The growing trend in technology involving the modification of the genetic traits of plants and animals has become a public issue more than a scientific issue. Numerous studies confirm that unexpected movement of modified genetic traits is not only a credible concern, but in fact, it already has occurred. Selective breeding and transfer of specific generic traits could result in plants that no longer respond to herbicides and insect that are resistant to insecticide. If this happens, the natural balance of the environment is greatly affected and may require further damage control due to more problems resulting from selective breeding.
Another reason for going against the idea of selective breeding is because of its impact to genetic diversity. If the generic diversity of the global agricultural species is decreased, we can argue that the one plant specie can be affected by a new or more newly aggressive pathogen. The spread of corn blight across the US in 1970 is an example of potential consequences of lack of genetic diversity. Because all species of corn were closely related, even in the 1970’s, the crop sustained a huge loss from the blight. Of course, humans have already used technology such as selective breeding long before genetic engineering was available through selective breeding practices. This means that new technology makes selective breeding much more rapid and potentially more globally distributed. The more people who practices selective breeding without being able to completely study and prepare for the possible consequences can be a threat to the environment. There are people who believe that there are a lot of advantages for promoting elective breeding. Ideally, it will be best to conduct further studies first inside the laboratory before implementing it in an actual living space because the if in any case an unexpected problem happens as a result of selective breeding, it will be easier to do damage control if it is studied and conducted in a controlled space such as the clinic. There is a danger is progressing too fast for this could result to high expectations that could initiate distrust that would set the field back. More time spent to produce better science before launching into clinical trials might actually save time, money and species. The problem over how rapidly to push radical biotechnology into the clinic is typical to our bioethical concerns. We have technology that can relieve suffering should be moved forward. However, if wrongly or carelessly used, unprecedented consequences may be experienced in a global scale. Even though selective breeding is designed with the best intentions the outcome may be questionable. (Broom 1998).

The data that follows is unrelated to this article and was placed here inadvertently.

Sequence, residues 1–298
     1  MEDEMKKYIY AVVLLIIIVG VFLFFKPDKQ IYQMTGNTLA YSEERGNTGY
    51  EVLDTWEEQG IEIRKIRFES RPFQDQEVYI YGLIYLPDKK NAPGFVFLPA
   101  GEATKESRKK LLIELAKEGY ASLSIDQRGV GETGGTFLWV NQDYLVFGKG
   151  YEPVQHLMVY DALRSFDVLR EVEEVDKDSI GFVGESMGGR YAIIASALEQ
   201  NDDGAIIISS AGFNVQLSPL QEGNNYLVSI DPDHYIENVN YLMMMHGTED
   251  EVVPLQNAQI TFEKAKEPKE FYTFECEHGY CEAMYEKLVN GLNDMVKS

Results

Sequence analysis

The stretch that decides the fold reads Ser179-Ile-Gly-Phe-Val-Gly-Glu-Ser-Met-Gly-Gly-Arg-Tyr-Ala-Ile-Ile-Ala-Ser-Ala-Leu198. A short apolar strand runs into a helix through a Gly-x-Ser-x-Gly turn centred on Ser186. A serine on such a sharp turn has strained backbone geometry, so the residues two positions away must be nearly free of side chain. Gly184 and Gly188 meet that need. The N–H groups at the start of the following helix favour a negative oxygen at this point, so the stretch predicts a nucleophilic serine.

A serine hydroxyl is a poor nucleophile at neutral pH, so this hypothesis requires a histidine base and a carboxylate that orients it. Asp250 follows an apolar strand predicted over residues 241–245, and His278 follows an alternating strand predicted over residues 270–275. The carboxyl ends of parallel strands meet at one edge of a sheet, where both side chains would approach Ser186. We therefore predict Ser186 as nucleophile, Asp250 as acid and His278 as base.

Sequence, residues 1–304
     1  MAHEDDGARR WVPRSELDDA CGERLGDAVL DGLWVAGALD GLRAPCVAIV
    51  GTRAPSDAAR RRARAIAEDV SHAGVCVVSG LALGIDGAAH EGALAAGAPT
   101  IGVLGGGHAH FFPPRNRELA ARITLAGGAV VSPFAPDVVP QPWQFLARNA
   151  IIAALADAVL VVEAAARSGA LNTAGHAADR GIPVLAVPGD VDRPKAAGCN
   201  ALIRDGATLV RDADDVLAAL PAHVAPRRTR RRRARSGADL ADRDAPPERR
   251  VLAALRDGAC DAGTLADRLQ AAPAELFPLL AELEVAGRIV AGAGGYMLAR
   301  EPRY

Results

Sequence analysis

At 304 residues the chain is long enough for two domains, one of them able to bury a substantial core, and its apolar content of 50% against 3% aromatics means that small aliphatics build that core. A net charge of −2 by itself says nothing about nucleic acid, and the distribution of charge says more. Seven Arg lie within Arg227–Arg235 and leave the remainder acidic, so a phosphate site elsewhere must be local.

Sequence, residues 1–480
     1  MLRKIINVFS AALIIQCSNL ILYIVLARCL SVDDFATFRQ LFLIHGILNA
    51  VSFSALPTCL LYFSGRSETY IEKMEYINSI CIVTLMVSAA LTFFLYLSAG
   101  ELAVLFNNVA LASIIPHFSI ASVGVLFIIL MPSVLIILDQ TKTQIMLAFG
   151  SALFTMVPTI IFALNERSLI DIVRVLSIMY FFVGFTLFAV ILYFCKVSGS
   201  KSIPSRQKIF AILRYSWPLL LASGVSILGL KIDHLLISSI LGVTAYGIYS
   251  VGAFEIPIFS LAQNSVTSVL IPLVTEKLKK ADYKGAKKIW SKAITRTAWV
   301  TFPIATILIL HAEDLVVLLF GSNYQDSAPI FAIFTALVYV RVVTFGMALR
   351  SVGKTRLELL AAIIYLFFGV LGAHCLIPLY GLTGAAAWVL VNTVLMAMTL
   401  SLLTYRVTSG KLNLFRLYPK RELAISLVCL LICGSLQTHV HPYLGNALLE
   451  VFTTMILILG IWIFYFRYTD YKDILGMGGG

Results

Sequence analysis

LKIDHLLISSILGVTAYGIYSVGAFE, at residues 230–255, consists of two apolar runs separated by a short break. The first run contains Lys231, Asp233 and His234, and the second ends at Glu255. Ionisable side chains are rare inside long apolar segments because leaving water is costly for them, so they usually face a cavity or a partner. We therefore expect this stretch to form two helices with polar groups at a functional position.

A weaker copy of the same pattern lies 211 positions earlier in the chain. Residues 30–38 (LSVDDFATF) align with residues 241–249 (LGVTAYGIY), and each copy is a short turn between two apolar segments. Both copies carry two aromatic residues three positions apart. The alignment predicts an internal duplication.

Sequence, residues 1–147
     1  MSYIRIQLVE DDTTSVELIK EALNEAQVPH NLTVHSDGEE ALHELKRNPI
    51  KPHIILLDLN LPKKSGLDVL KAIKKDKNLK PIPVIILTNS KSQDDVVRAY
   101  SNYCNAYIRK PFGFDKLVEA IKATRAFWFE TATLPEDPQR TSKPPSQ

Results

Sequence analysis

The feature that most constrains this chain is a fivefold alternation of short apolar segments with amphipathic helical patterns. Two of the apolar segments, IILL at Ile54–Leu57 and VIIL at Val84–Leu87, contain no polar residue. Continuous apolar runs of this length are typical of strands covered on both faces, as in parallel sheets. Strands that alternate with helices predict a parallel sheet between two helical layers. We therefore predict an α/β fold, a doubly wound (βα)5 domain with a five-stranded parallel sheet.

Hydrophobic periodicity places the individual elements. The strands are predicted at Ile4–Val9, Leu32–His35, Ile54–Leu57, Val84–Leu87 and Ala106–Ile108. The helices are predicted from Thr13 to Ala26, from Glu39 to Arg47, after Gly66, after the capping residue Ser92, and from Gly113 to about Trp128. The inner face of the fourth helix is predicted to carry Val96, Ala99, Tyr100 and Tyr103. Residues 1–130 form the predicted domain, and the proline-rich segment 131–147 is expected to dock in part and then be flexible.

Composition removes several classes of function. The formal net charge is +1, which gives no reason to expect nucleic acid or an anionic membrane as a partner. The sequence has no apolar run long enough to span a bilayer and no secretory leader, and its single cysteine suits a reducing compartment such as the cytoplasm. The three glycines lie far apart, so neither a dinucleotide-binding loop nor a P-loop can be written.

The ethical issues surrounding selective breeding are not only confronted by farmers but it also affects all of us. To be able to find the limits and answers to the ethics behind selective breeding we should be able to understand the process involved as well as the practice of selective breeding. If we are able to understand the process of selective breeding further, we will be able to address the issues that are not simply based on mere assumptions and assertions instead focused on facts. This includes the continuous research to increase productivity. It is essential to strike a balance between animal integrity and animal welfare.